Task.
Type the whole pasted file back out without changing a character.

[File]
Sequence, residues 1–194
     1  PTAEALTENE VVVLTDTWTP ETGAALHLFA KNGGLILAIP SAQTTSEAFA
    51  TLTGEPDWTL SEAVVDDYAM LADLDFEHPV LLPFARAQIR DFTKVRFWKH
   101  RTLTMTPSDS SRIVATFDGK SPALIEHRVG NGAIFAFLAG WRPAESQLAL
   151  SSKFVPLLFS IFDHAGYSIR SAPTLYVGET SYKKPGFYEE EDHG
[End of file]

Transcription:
Sequence, residues 1–194
     1  PTAEALTENE VVVLTDTWTP ETGAALHLFA KNGGLILAIP SAQTTSEAFA
    51  TLTGEPDWTL SEAVVDDYAM LADLDFEHPV LLPFARAQIR DFTKVRFWKH
   101  RTLTMTPSDS SRIVATFDGK SPALIEHRVG NGAIFAFLAG WRPAESQLAL
   151  SSKFVPLLFS IFDHAGYSIR SAPTLYVGET SYKKPGFYEE EDHG